Saving birds as a professional birding guide never crossed young Crammy’s mind until he was invited to a training course in 2010.
This is Crammy Wanyama’s story.
I did not know that people traveled all over the world until November 2010. I never dreamed I’d become a birding guide.
During my early youth and teenage years I never paid any attention to the presence of birds in my village. Or so I thought.
Even after I finished university and started my own business I paid no attention to the wildlife around me in Uganda. My courses had been in business management. I wanted to make money. I wanted to lift myself out of poverty. I wanted the good life.
Then I was invited to a training course. I had no idea how it would change my life.
The training was arranged by the Uganda Safari Guide’s Association which is an umbrella for trained guides and their clubs in the country. Herbert Byaruhanga and Paul Tamwenya were the facilitators.
In the first week, Herbert and Paul talked about bird watching and guiding which did not seem to be new to more than 3/4 in a class of 60 individuals. But to me it was all new. Our instructors urged us to go out and practice identifying birds every morning and evening. Practice listening for bird sounds. Practice spotting birds in the trees and bushes. Some members were very familiar with this activity. Fortunately, they were more than willing to teach a novice like me. Willing to help me sharpen my eyesight and fine tune my hearing.
However it was hard work. Many birds look alike. Most of them have similar calls. “It takes ten years,” one class mate told me. Ten years! I wanted to know how to do it now! “Bird guides make good money,” I’d been told. And money was what I was after.
I had to make a plan if I was going to do this. I requested the experienced classmates to show me two new birds every evening when we went out for practice.
On Day One; I was attracted to a pair of the elegant-looking and loud Spur-winged Lapwing Vanellus spinosus.
Day Two; it was a pair of very attractive glossy blue birds with a pale Iris, Rupell’s Starling Lamprotornis purpuropterus.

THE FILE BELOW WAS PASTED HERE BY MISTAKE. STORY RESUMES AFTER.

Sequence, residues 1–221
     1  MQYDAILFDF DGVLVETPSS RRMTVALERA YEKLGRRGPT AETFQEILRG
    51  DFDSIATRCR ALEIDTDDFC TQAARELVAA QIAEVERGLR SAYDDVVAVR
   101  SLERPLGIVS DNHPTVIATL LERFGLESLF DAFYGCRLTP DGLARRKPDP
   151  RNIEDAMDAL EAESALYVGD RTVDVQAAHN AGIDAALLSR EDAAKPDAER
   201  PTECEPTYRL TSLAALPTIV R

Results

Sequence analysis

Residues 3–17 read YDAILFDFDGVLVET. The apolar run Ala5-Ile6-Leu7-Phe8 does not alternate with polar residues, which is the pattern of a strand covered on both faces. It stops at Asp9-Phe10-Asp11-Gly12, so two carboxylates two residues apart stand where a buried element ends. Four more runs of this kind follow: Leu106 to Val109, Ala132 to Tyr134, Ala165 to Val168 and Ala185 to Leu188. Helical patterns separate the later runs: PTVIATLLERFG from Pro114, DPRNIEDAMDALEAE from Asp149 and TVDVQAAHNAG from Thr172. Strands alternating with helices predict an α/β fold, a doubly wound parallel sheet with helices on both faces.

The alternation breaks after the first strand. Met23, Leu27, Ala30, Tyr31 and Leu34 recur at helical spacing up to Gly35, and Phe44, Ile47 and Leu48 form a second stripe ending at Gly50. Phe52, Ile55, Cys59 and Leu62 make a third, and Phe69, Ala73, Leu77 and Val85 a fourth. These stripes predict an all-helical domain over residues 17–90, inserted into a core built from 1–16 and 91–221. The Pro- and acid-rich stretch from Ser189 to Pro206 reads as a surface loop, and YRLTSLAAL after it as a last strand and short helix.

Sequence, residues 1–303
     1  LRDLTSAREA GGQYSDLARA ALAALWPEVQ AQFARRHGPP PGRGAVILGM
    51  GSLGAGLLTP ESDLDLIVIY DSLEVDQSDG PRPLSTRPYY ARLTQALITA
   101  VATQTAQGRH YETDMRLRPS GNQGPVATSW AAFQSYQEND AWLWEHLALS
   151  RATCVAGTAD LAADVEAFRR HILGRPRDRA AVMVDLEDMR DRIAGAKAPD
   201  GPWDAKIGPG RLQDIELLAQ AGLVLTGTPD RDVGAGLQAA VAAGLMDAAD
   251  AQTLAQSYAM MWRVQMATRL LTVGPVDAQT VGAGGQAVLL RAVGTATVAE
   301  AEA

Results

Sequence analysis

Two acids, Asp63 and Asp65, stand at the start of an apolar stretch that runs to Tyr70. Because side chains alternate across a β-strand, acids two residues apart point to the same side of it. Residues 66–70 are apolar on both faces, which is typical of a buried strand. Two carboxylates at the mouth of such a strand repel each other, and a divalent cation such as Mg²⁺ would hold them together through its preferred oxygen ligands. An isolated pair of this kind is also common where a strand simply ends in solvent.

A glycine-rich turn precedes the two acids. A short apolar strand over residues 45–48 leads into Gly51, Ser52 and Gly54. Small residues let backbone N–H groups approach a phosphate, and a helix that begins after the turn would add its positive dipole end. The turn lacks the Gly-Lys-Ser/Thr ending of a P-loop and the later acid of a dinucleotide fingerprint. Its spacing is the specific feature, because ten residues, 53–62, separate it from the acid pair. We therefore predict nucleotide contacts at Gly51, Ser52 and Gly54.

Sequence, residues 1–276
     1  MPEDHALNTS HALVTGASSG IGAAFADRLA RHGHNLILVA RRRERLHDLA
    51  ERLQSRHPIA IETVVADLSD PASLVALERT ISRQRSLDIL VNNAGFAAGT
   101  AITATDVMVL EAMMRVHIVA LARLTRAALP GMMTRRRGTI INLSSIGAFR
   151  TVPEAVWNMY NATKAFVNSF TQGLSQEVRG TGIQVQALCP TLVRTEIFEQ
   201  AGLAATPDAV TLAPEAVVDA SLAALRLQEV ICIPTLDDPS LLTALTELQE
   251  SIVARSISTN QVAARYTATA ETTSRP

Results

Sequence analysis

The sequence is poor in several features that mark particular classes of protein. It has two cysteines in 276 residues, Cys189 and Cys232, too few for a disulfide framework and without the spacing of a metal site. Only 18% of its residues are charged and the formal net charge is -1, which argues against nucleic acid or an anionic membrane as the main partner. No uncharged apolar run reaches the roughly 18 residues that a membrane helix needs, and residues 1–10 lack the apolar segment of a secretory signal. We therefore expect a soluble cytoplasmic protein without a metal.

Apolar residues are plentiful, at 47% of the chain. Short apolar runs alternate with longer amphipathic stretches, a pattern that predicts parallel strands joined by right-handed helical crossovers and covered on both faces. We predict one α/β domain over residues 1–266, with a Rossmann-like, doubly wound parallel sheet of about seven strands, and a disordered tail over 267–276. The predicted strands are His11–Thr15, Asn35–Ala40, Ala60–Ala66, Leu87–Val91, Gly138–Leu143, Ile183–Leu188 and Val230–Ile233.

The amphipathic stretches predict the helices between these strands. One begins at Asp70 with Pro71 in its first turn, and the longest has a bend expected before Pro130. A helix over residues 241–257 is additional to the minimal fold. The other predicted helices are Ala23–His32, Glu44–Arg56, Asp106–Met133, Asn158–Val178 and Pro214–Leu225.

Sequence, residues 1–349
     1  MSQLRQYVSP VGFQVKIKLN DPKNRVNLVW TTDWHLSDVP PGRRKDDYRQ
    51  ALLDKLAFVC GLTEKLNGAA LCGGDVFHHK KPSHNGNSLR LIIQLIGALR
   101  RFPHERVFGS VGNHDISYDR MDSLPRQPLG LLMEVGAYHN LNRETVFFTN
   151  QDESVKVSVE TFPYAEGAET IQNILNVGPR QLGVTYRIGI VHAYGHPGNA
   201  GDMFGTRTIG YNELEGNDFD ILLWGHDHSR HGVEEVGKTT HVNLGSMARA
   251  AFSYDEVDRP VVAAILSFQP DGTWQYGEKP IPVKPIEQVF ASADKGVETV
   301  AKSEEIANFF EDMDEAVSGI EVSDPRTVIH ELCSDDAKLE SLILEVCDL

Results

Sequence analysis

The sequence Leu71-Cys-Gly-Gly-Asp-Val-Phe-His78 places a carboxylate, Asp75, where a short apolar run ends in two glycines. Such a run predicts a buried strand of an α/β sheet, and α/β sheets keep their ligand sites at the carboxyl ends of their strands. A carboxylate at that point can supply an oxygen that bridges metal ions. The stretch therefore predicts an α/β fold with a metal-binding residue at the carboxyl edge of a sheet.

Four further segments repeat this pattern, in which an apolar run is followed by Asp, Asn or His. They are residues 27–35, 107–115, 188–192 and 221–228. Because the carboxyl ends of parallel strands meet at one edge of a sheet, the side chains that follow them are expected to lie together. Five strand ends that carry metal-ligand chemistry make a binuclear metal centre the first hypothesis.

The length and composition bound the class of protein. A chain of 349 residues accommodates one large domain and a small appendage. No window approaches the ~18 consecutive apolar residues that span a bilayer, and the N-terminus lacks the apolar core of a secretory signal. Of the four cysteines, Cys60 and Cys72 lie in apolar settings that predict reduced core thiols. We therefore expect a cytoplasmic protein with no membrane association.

Day Three; two striking black-backed, red under parts, yellow ventra feathers and pale iris pair of duetting birds. These became my WOW birds, these were the Black-headed Gonolek Laniarius erythrogaster.
Then came the last day I went practicing with my new friends. I though I must do this by myself. I must struggle to identify and them all on my own. I set practicing identifying birds as my top 2011 resolution. But first, I needed to obtain a usable pair of binoculars and a good bird field guide book. This I did.
Today my clients often ask me, “When did you start birding Crammy?”
A year after my training, childhood memories started coming back. It was the day I identified some species of Weavers (an African family of weaving birds) and Fire Finch…
As a child, we fetched water from a stream which was about a kilometre away from my grandmother’s home. On the way, there were rocks to which the birds got attracted. I always wanted to hold birds in my hands then let them fly. I loved watching them.
We kept free-range chicken and when they fell sick my late grandmother made a mixture of hot red pepper, soot and ash which she gave to them. The chicken would choke, stagger, and get alright. I thought the choking bit of it was the human equivalent of being drunk. I though perhaps it would work on birds too. And that they’d then stay around.
African Thrush Turdus pelios and Common Bulbul Pycnonotus barbatus ate our ripe fruit on the farm, I though the small birds at the rocks would love them too. So I stole pepper and ripe bananas from the house, mixed and smashed it for easy consumption. I placed it at the rocks and hoped to return the next day to pick up my drunken birds. I did this several times.
Another incident was when I got bitten on the head by Potter Wasps as I was climbing up a Jack fruit tree to see if my Red-eyed Dove chicks were about to fledge. I remembered how I always kept track of the birds nesting within my surrounding.
I can’t figure out how many Weaver individuals I owned. I claimed almost every one of them in the colonies around our home as mine.
All these happened before I turned eight.
Have I been birding since childhood?
Now I have two passions; one is to share the beautiful birds of my country Uganda with others. And two, to help protect and preserve the birds and their habitat for future generations to enjoy.
Thank you Crammy. And thank you for sharing your story with us.
Please visit his website, Avian Safaris.